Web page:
Clipping Wings

| 3/11/2019 12:02:00 PM

farm signWhoever said chickens can't fly didn't know chickens! True, they cannot lift off and soar through the sky like other birds, but they can fly short distances – over fences, into trees, into the garden. And the only way to stop them is to clip their wings.

Every flock has a few renegades, and mine is no exception. I have a small mixed flock of nine hens and a rooster. All have names and distinct personalities. And all are a joy to have around, even the rebels. Albert, as most of you know, is my Marans Rooster. He's short, stout, and one of the best roosters I've ever owned. He loves his girls and sees to it that they are well fed and protected.


My two oldest girls are Chicken and Buffy. Chicken was one of a set of 4-H chicks and belonged to my granddaughter Kaydence. They let them free range, and all fell prey to hawks and coyotes except for Chicken. She was a real pet and followed Kaydence everywhere, which is what saved her life. For a while, she remained at their house nesting in the barn and spending time with the dogs. Then one day she wandered down to my house and got a look at my rooster, and it was love at first sight. She flew over the fence and has been here ever since.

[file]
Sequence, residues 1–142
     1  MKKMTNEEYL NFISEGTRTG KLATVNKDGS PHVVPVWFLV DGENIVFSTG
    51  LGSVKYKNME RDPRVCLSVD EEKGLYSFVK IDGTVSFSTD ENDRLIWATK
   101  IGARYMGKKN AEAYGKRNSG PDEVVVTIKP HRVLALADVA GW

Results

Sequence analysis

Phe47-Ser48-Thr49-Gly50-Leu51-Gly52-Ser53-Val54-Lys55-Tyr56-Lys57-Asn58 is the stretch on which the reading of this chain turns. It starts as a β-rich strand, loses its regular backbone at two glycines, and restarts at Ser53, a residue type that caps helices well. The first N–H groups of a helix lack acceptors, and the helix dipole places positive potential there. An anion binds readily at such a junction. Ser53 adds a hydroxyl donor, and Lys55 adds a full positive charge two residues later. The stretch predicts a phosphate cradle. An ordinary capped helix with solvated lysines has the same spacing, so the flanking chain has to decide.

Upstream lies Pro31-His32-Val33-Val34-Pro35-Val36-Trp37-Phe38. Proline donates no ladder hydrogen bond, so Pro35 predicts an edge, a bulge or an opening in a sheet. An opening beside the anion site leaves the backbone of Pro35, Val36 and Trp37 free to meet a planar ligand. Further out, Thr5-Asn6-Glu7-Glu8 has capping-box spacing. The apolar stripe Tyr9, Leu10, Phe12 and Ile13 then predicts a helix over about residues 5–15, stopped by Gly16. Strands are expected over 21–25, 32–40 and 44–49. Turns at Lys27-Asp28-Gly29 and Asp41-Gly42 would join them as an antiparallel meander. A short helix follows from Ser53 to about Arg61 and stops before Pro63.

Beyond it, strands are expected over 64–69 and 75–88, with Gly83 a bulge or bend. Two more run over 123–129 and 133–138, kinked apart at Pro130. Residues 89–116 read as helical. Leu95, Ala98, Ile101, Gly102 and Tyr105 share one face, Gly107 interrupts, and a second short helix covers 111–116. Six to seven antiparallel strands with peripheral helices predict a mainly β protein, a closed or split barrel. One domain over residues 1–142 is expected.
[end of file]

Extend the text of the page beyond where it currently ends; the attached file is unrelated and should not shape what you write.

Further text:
Buffy is also a survivor. A few years back I got eight Buff Orpington chicks to raise up for layers. When they were old enough, I moved them into the chicken tractor and put them down near the end of the yard. Enter the 'weasels of the wild wood.' I didn't even know we had weasels until my chicks started disappearing through a hole dug under the side of the tractor. Beau managed to kill one, but by that time the chicks were all gone. Then, two days later, I looked out the window and saw a young Buff Orpington wandering about near the now empty tractor. She was easy to catch, and I discovered all of the feathers were gone around her neck, which was raw, but not badly damaged. I brought her inside, nursed her back to health, and named her Buffy.

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